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Posts Tagged ‘Henry Paulson’

Worthless money as a rational absurdity

June 5, 2012 3 comments

INTRODUCTION

For a while now, I have been trying to come to grips with the neoclassical theory of money, which states anything can serve as money and that money doesn’t have to be a commodity. The theory is patently theoretically absurd, contradictory and internally inconsistent as John weeks explains in the paper I discuss in my post. Despite these defects, however, neoclassical money theory not only maintains its dominance in economics, its alternative, commodity money theory, is ridiculed and marginalized even among Marxist theorists.

While reading the John Weeks paper, it began to dawn on me why this is true. I had been spending my effort trying to argue for the superiority of commodity money theory, when I should have been trying to understand the circumstances under which neoclassical money theory made sense. Weeks, in his paper, explains two assumptions which are necessary for neoclassical money theory: 1. the economy has to produce only one composite commodity; and 2. the state must be able to control the money supply.

Weeks thinks both of these conditions make neoclassical money theory wrong, but now I believe he is wrong on this. In the capitalist mode of production, the only true commodity is labor power — the single composite commodity required by neoclassical theory. Moreover, contrary to Weeks’ assertion, the state can control the money supply, if we a speaking of classical commodity money. It need only declare commodity money is not money and replace this money in circulation with its own token, i.e., impose an inconvertible currency in place of gold. This was done in the 1930s in the US and Europe. The state can control the money supply, if by “control” that term includes also setting that supply to zero.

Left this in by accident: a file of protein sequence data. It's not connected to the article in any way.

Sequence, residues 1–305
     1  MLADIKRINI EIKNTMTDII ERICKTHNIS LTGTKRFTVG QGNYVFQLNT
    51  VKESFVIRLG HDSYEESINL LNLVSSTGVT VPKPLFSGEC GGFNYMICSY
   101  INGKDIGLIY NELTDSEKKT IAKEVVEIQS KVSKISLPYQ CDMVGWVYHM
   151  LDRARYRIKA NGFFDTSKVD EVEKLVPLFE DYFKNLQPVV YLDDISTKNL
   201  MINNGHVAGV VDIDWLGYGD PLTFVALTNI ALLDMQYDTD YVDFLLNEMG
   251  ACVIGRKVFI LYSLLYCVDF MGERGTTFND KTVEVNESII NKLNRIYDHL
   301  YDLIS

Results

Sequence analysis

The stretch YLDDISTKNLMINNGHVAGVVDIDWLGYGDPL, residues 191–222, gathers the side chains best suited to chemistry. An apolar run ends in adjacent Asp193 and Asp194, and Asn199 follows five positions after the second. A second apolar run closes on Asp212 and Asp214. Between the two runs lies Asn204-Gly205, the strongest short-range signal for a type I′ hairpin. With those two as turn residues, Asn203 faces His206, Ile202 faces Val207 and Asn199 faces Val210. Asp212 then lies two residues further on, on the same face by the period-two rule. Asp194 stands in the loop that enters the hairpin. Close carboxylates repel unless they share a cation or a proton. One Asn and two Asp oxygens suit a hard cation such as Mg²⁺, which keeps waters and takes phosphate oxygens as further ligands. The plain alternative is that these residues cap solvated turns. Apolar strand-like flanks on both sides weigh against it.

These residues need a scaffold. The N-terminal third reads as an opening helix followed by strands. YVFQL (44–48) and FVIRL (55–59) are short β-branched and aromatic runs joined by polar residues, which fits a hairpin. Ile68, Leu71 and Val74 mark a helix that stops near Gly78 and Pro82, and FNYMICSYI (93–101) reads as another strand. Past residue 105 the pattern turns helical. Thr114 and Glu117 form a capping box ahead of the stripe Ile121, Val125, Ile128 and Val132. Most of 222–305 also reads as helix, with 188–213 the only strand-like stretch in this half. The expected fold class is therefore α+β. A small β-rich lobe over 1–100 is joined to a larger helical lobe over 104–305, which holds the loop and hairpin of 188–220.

The result was a bit of an epiphany for me, since Weeks is describing how Washington directly manages the US economy as a single giant corporation, despite the economy appearing superficially as numerous separate capitals.

The article was rushed and is in need of serious editing, but I welcome criticism and challenges to this idea.

*****

I want to recommend everyone read John Weeks’ paper, “The theoretical and empirical credibility of commodity money“, because he presents a key to the analysis of neoclassical economic theory that unlocks its inner logic. I missed the juicy goodness of his argument in my first read because I have an aversion to mixing math with social criticism. However, in his math Weeks uncover why money is not a commodity-money in neoclassical theory, and why it cannot be a commodity-money.

Weeks tries to make sense of a troubling rejection by neoclassical economic theory to admit to the obvious internal consistency of Marx’s commodity-money theory:

Th[e] theoretical superiority of commodity-based monetary theory has had little practical impact because of a perceived empirical absurdity of the commodity money hypothesis.

I came to my understanding of fascist state issued fiat money based on one closely held idea that neoclassical economics is not irrational, capitalism is. Yes, capitalism is as irrational as it has been declared by Marxists to be, however no one but an idiot would buy into the neoclassical argument unless it made sense in the context of fascist state economic policy. Since capitalism itself is irrational, a rational person looks like an idiot when he buys into its propositions; on the other hand, accepting the irrationality of capitalist relations of production as the basis for formulating fascist state economic policy is rational.

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The Great Turning…

September 25, 2008 Leave a comment

Details are beginning to dribble out on how wrenching the changes will be for you in the next few months. Analysts on CNBC are frankly admitting rising unemployment through 2010 – at least 7 percent next year alone.

Govenor Patterson, of New York, indicates a slowing economy for at least 18 months, and perhaps for two years.

Hope you have your galoshes – shit will be deep, once you wake up to discover you have just transferred almost a trillion dollars to China. From Bloomberg:

“China is very worried about the safety of its assets,” he said. “If you want China to keep calm, you must ensure China that its assets are safe.”

Don’t cry for US, Argentina…

September 25, 2008 2 comments

Figures don’t lie, but liars figure – Mark Twain

The Moron returned to television last night bringing anguished tales of impending doom – news to all, apparently, but any person who has done the slightest bit of investigation into this crisis on the numerous web pages devoted to the subject.

The failure of Congress to hand him a blank check to bailout Wall Street, said the Marionette-in-Chief: